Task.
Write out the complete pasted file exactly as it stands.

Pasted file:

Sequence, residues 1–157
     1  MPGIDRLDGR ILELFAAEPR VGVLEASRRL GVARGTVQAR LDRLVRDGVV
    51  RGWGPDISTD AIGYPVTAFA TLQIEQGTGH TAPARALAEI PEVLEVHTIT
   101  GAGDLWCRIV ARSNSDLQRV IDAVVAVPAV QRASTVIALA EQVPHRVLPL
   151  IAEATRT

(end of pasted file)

Sequence, residues 1–157
     1  MPGIDRLDGR ILELFAAEPR VGVLEASRRL GVARGTVQAR LDRLVRDGVV
    51  RGWGPDISTD AIGYPVTAFA TLQIEQGTGH TAPARALAEI PEVLEVHTIT
   101  GAGDLWCRIV ARSNSDLQRV IDAVVAVPAV QRASTVIALA EQVPHRVLPL
   151  IAEATRT